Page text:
July 15, 2016 Projects No Comments

Why are mangroves important – why do we monitor?

The Moreton Bay area has eight species of mangroves covering approximately 13,500 hectares. Mangroves have multiple merits, they are coastal:

MangroveWatch Logo

  • canaries – early indicators of change in aquatic health
  • kidneys – trapping and filtering sediments
  • nurseries – being essential habitat for fish crabs and prawns
  • buffers – providing protection against waves, coastal erosion and storm tide surges
  • lungs – with super carbon storage capacity: 5x more storage than other forests and 50x faster

While in some places there has been expansion of mangroves, overall mangrove coverage and resilience continue to decline. Globally mangrove loss since 1980 has been 30% and in Australia 17%.

MangroveWatch is a mangrove monitoring program that provides a standardized method to assess shoreline mangrove condition and change over time. It aims to establish a long-term visual record of mangroves; improve understanding of mangrove ecosystems; generate community awareness of mangroves and, encourage local environmental stewardship.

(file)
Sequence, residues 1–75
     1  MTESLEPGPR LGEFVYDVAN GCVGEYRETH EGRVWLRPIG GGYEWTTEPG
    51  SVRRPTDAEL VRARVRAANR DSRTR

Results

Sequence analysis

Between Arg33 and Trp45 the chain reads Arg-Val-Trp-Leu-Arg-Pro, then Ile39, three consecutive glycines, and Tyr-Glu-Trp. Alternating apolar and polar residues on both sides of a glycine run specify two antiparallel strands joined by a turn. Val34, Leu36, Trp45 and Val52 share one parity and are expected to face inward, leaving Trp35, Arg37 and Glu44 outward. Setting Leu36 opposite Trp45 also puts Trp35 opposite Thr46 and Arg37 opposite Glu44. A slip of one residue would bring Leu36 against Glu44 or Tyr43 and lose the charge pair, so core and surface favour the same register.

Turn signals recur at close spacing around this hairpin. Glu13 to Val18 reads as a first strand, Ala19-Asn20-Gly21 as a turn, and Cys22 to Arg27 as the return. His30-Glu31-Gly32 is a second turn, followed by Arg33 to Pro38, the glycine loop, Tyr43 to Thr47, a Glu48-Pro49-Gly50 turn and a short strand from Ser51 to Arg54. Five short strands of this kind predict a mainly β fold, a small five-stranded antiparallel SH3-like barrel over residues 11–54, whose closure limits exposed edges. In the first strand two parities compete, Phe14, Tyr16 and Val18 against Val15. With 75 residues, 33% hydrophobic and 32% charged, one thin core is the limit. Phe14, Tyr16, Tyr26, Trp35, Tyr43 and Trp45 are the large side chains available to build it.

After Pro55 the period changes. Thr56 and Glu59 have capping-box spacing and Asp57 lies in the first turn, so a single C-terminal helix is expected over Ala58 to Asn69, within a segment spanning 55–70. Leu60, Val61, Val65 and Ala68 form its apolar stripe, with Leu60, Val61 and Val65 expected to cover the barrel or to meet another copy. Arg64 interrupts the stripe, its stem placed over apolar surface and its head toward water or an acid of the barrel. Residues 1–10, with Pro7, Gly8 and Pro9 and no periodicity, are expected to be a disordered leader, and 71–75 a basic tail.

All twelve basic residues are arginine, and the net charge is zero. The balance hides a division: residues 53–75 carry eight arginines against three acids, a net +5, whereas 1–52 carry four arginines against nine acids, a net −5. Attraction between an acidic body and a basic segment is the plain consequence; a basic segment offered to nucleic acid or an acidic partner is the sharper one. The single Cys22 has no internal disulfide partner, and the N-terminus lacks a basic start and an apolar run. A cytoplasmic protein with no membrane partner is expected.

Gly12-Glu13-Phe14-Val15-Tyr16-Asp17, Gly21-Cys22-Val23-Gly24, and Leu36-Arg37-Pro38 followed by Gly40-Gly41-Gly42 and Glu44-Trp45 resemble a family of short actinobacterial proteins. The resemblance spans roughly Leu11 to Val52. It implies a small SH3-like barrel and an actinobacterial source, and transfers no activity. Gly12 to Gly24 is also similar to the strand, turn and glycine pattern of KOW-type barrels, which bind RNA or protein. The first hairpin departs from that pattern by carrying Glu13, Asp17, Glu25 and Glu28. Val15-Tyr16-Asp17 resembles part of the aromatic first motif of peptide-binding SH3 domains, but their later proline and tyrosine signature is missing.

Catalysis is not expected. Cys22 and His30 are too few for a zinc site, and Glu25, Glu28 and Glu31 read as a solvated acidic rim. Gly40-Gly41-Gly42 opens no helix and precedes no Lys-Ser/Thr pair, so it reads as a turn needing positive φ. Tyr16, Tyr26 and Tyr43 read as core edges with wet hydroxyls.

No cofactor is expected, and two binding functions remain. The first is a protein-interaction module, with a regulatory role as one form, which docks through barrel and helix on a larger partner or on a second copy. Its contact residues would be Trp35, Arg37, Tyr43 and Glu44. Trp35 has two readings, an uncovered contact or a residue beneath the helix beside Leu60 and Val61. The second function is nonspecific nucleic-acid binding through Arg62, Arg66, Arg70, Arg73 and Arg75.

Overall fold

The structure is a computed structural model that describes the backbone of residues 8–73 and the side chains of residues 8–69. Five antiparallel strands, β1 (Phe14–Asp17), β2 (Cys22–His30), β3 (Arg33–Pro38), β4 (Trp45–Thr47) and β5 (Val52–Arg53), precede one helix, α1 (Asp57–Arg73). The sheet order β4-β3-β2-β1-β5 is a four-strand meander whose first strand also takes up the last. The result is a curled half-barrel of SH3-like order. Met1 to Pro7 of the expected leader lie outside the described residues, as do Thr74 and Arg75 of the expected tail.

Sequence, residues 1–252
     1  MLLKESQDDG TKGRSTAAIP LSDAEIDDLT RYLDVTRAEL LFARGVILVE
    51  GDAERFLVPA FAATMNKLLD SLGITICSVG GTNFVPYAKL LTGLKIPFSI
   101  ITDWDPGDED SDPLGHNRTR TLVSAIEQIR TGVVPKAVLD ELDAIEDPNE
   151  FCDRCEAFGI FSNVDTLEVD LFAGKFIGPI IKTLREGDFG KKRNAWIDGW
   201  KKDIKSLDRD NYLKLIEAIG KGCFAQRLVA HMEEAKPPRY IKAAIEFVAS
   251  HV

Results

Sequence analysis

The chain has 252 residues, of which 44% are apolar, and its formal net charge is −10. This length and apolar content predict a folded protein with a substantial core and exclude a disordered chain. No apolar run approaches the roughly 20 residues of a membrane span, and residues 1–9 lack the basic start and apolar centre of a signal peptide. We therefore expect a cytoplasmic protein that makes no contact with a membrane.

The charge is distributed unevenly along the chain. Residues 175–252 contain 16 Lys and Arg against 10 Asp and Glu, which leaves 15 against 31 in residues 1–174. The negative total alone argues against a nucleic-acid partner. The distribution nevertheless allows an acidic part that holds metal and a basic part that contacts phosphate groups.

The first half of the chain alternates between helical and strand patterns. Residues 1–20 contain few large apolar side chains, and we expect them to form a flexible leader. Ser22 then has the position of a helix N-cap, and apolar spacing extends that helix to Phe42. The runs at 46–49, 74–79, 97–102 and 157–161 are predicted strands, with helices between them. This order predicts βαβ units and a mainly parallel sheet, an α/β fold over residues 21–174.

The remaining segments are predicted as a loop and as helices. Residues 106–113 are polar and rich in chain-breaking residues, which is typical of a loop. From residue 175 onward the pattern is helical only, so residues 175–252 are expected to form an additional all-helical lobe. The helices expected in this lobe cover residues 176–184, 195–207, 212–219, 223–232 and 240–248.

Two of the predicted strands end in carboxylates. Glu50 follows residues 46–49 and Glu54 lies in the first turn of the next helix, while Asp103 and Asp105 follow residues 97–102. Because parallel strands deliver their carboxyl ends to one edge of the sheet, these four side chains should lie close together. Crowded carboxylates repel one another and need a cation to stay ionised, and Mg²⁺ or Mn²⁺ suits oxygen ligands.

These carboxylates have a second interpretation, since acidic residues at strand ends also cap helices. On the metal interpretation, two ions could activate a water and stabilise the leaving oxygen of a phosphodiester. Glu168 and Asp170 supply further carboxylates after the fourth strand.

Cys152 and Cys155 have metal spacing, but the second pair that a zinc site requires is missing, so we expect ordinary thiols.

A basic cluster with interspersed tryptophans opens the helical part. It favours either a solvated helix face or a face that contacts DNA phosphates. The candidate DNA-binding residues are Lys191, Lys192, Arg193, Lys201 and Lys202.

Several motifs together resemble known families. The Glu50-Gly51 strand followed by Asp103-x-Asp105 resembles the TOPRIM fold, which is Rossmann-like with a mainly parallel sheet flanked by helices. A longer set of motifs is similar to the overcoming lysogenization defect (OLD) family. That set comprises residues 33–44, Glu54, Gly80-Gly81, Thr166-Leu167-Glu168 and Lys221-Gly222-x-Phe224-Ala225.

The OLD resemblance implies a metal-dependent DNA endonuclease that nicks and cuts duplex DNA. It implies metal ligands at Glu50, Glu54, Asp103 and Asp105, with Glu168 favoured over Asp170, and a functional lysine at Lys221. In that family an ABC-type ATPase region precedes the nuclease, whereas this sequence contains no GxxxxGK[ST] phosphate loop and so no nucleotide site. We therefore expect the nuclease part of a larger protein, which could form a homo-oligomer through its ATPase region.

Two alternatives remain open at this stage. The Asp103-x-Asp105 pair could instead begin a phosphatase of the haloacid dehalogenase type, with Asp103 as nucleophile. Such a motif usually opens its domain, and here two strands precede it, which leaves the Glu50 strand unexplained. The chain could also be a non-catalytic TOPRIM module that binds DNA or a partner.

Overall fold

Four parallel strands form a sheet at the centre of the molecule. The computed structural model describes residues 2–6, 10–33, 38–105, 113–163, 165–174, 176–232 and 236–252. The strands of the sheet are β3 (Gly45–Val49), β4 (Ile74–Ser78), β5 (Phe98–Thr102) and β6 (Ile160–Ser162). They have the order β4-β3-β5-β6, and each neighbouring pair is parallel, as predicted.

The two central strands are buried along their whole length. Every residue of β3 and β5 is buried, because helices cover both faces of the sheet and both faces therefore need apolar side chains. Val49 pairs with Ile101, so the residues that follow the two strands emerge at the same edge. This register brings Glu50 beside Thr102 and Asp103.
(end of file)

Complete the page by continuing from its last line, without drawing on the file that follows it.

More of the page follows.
MangroveWatch image

MangroveWatch image

MangroveWatch Moreton Bay

The Wildlife Queensland’s Bayside Branch launched their Mangrove-Watch Monitoring Project in Moreton Bay in March 2009 with a cruise on southern Moreton Bay. The monitoring method initially utilised was a hands-on, feet-in-the mud methodology using transects and quadrats devised with the assistance of the world-renown Dr Norm Duke.

In 2012 Wildlife Queensland complimented the mangrove monitoring being done in Moreton Bay by introducing the Shoreline Video Assessment Methodology (S-VAM). S-VAM was devised by Dr Norm Duke and his colleague Jock
Mackenzie and involves monitoring using a video camera, still camera and GPS to record data and assess change.

MangroveWatch image

MangroveWatch image

MangroveWatch Image

Do Not Disturb - Acrylic on Ply by Heidi Ledwell

“Do Not Disturb” – Photo © Acrylic on Ply by Heidi Ledwell

Wildlife Queensland Coastal Citizen Science (WQCCS) conducts MangroveWatch in several locations around Moreton Bay. The project is made possible by support from the Brisbane Airport Corporation, Port of Brisbane, SEQ Catchments, the Norman Wettenhall Foundation, WPSQ Bayside Branch, Healthy Waterways and Tangalooma Resort.

For more information go to 
Wildlife Queensland Coastal Citizen Science

MangroveWatch Logos

For more information on WPSQ’s projects, email or phone +61 (7) 3844 0129.

Written by wildlife1ict